Again, looking at it this way, it’s hard not to see the comparisons to messaging systems. But on the other hand, it’s hard not to also feel like this could very quickly turn into one of those “super” classes where sure, MyService doesn’t reference every handler… But the Mediator does. But there are ways to handle that which we will go into later.


And finally, the “Why?”. Why is this even a thing?

Well if we take the diagram above, if we had MyService calling other handlers directly (For example notifying them about an action), then as we add handlers, MyService has to start referencing them all even if it doesn’t care about the result. For example, our service might start looking like this :

So what happens when we add more handlers? Or remove handlers? Our service keeps changing when in reality it doesn’t really care who gets notified.

Using a Mediator Pattern, it may instead end up looking like :

So there’s the bonus that as handlers change, get added or removed, the service itself doesn’t change. But there is also a bit of a downer that we are maybe shifting the load to the Mediator, it’s job is now to manage the handlers and how they get notified. But this makes sense right! To have a class whose sole job is to notify clients should be able to change depending on how those clients need to be notified. And our service which really doesn’t care about the implementation details of those handlers can get on with it’s work.

In saying that, later on we will see how we use DI to really help us ease the load from both classes and yet still stick to heart of the Mediator Pattern.

What’s Next?

In the next article in this series, we are going to look at a pattern that I dubbed the “IEnumerable” pattern. It’s essentially the Mediator Pattern with some dependency injection thrown in! You can check out that article here!

Hosted Services in the .NET Core world mean background tasks in everyday developer terms. If you’re living in the C# world, and even the Azure world, you actually already have a couple of options for doing background style tasks. Problems that you can solve using Hosted Services are probably similar to the problems you currently solve using Windows Services or Azure WebJobs. So first, let’s take a look at some comparisons.

Hosted Services vs WebJobs

WebJobs are similar to hosted services in that they run on the same machine as an Azure Website – thus sharing resources. WebJobs do have the added benefit of being able to be deployed separately (Hosted services are part of the website) and have additional functionality when it comes to running as a singleton. With Hosted Services, there is an instance running of that hosted service for every deployment of your website which can be an issue if you only want one instance of that “process” running at anytime. You can program around this by creating your own locking mechanism, but obviously webjobs gets this out of the box. The one other difference really is that with the WebJobs SDK, you get things like queue/blob triggers right away. Inside a ASP.NET Core Hosted Service, you would need to write all of this manually.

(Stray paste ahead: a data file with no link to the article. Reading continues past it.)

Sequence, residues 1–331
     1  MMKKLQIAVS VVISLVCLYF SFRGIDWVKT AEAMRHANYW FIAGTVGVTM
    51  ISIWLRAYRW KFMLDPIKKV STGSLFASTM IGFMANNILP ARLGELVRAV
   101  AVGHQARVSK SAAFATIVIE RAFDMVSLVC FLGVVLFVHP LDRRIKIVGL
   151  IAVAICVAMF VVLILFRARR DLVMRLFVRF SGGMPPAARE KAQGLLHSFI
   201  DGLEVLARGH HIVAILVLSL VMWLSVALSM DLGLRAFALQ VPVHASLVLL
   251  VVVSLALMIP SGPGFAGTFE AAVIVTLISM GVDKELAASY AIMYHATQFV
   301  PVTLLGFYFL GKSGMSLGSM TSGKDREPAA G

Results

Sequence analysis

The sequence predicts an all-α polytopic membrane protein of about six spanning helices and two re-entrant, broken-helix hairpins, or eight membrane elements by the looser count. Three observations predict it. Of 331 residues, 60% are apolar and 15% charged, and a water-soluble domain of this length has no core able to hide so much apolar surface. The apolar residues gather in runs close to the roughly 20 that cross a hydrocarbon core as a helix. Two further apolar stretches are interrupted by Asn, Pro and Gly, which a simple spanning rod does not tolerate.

Hosted Services vs Windows Services

Windows Services are typically hosted on other infrastructure that isn’t also hosting your website. They can be deployed independently, and don’t have really any tie in to your website. But that also comes as a negative. If you are using PAAS on something like Azure or Google Cloud, you would then need a separate VM to hosted your Windows Service. Not too great!

Hello World Hosted Service

Create a new class in your .NET Core Web Project called “HelloWorldHostedService”. This is going to be your first piece of code for your Hosted Service :

So all we are doing is starting a timer that every 10 seconds, prints out “Hello World!” to the debug output.

You’ll notice that we have a start and stop, probably pretty similar to a windows service where the StartAsync method is when our web process kicks off. It shouldn’t be where we do work, but instead where we setup side threads to do the work. And stop is where our web process stops, so we obviously have to pause our timer.

You’ll also need the following line, in your ConfigureServices method, in your startup.cs.

And that’s it, that’s your first hosted service. If you run your web project, your service should kick off (Either set a breakpoint or check the Debug output), and away you go!

Background Service Helper

The thing is, each time you write a background service, it’s likely to be the same sort of process. It’s probably going to either be something on a timer, or in an infinite loop. So 9 times out of 10, you’re going to be using some sort of boiler plate that kicks off your task on a different thread, and handles cancellation tokens etc.

Well Microsoft foresaw this, and create an abstract helper class called BackgroundService. We can rewrite our above code to instead look like :

Notice that we now inherit from BackgroundService and not from IHostedService. But our startup.cs call doesn’t change.

Behind the scenes, the code for BackgroundService looks like (And you can see the full source on Github here) :

So it’s actually pretty simple. It’s just kicking off a thread with your work, and waiting for it to finish (If it finishes). It’s handling the cancellation tokens for you, and a bit of cleanup.

Good Examples Hosted Services